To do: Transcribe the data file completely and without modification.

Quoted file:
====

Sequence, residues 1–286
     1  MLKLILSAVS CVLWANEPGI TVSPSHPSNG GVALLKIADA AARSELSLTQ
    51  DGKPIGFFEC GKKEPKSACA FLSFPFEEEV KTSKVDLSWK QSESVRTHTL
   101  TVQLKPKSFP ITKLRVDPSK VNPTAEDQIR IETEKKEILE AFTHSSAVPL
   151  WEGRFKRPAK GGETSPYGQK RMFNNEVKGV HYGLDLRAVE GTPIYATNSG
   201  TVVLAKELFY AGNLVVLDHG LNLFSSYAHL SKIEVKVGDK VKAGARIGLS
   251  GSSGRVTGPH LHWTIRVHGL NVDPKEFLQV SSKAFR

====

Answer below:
Sequence, residues 1–286
     1  MLKLILSAVS CVLWANEPGI TVSPSHPSNG GVALLKIADA AARSELSLTQ
    51  DGKPIGFFEC GKKEPKSACA FLSFPFEEEV KTSKVDLSWK QSESVRTHTL
   101  TVQLKPKSFP ITKLRVDPSK VNPTAEDQIR IETEKKEILE AFTHSSAVPL
   151  WEGRFKRPAK GGETSPYGQK RMFNNEVKGV HYGLDLRAVE GTPIYATNSG
   201  TVVLAKELFY AGNLVVLDHG LNLFSSYAHL SKIEVKVGDK VKAGARIGLS
   251  GSSGRVTGPH LHWTIRVHGL NVDPKEFLQV SSKAFR